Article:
New head coach Joe Glass called Lincolnton a “destination job” upon accepting the position in February. With a pair of state championships and the ninth-most wins in the history of the state; he’s not wrong, but the Wolves have lost twice as many games as they’ve won in the two years since their 2016 run to the West Regional Final, and now it’s on Glass to right the ship.
“My number one priority with any football team, whether we’re in the process of a rebuild or not, is building relationships with the kids,” Glass said. “The kids have to know that you’re gonna be strict and make them work hard, but that you’re also gonna care about them and love them, and they’ll see the benefits of it later on. That’s number one for any coaching job.”
Glass is familiar with the rebuilding process, however, compiling a 30-22 record in four years as head coach at Jay M. Robinson in Concord, which included an 0-11 mark in his first season on the job. Glass took a program that had gone 10-34 in the four seasons prior to his arrival, and delivered two conference championships and a trip to the West Regional Final four years later.
“The whole ‘rebuild’ thing is all about work ethic, and getting the kids to buy into your system and believe,” he said. “I feel like if the kids know you care about them, they buy into your system and they believe in you, then you can do some great things no matter how bad your record was the year before.”
While Lincolnton will feature plenty of fresh faces on offense following the departure of its three leading rushers and top receiving threat, the Wolves will enjoy stability at quarterback, where senior E.J. Manjarres is back to run the show. Manjarres struggled throwing the ball in Lincolnton’s run-heavy attack last season, but he’s made great strides throughout the offseason, according to Glass.
“It’s been a learning process for E.J.,” Glass said. “They were in the flexbone last year, and now we’re in a two-back spread, so E.J. has grown tremendously over the past three or four months from not being able to complete a pass to throwing multiple touchdown passes in each of our scrimmages. He’s starting to get it, and you can see it starting to click, so I just tell him if he’ll listen and do as he’s been coached, he’ll be fine. He’s getting better and better each day and each week.”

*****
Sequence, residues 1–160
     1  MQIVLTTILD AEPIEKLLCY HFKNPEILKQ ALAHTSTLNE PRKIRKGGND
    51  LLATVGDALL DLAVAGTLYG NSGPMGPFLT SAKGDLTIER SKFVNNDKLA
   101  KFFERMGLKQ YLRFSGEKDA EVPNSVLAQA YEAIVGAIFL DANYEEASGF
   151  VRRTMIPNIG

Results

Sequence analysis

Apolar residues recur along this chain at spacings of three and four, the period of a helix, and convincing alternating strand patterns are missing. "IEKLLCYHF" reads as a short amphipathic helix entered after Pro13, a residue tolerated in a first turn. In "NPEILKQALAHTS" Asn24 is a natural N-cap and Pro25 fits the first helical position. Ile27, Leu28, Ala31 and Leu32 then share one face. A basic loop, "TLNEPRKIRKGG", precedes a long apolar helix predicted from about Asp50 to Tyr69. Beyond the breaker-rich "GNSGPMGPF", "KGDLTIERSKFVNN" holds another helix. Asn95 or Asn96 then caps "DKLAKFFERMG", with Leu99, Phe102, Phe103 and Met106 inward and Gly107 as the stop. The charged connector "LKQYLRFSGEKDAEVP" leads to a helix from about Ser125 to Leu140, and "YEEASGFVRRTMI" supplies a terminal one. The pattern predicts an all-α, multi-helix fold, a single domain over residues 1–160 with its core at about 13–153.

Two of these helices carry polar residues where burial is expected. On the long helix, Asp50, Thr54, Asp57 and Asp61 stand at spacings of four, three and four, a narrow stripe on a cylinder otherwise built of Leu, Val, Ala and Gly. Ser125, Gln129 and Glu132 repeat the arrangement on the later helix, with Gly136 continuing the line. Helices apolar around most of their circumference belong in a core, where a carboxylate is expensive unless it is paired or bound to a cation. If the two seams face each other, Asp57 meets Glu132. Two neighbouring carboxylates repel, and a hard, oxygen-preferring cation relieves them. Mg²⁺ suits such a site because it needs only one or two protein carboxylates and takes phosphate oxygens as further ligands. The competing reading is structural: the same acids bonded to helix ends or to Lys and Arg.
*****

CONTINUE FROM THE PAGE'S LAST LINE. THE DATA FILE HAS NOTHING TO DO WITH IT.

With the departures at running back and receiver, Manjarres will be surrounded by a new arsenal of weapons this season, and Glass likes what he’s seen from his players at the skill positions so far.
Senior Dejarris Gash will start on the outside at receiver, and while he hauled in just three passes in a reserve role last season, he intercepted three passes and defended four others from his cornerback position on defense. Deandra Smith, a sophomore, will likely start opposite of Gash at receiver.
“Those are two kids that will help make our quarterback better because they can make plays on balls,” Glass said. “They’ve made some unbelievable plays in our scrimmages so far.”
Senior Matthew Byrd, who caught five passes for 63 yards and a touchdown last year, and junior Isaiah Bostic will line up in the slot for the Wolves.
“Isaiah is probably a little quicker, and the slicker one of the two,” Glass said. “Matt Byrd, everybody calls him ‘little Wes Welker’ because he’ll stick his nose in there and snag some balls.”
The Wolves will deploy multiple runners in the backfield, including seniors Tiaje Ross and Davion Bryant, as well as junior Amontre Finger and sophomore Bernard Wingate.
“We’ve got a bunch of running backs, so we’ll fill that role by committee,” Glass said. “Bernard is a bruiser. He’s a 200-something-pound running back, who also plays defensive line, and he’s run over a few people in our scrimmages. Tiaje is a smaller kid, but he can absolutely fly. He’s a kid that, if he gets to the outside, he might be gone. Amontre and Davion are similar in that they’re hard-nosed kids who run hard and never stop their feet.”
The line opening the holes for those backs will be led by seniors Ethan and Zed Register, who will be joined by a pair of juniors, including center Adrian Hernandez, and sophomore Andre Smith.
“I’m excited about our offensive line,” Glass said. “It’s a young group, but we are starting two seniors in the Register boys. Ethan and Zed are definitely the anchors of our line. I’ve got one at tackle and the other one is learning all three positions. I’m excited about this group because I’m gonna get a lot of them back, and once again, they’re dealing with a change in things they’ve done before. In the past they’ve blocked a certain, and we block a different way now. Our kids are doing very well with the change, which is gonna be our biggest hurdle offensively.”
While the Wolves will be undersized defensively, Glass wants his team in attack mode to take advantage of their speed on that side of the ball.
“We’re gonna look different defensively than we have in the past because we don’t have the kids to run that defense,” he said. “We’re not gonna be very big, but we’re gonna send pressure and let our kids play. We’re gonna take some hits sometimes, but we’re gonna deliver some hits too. Our defense runs fast and it runs hard, and just really gets after it. I’ve seen 10 hats flying to the football, and that’s been the most exciting part of our scrimmages.”
For the third consecutive year, Lincolnton will open the season against a pair of teams from Belmont. The Wolves will travel to Stuart Cramer to open the season Friday, Aug. 23 before returning home to host South Point.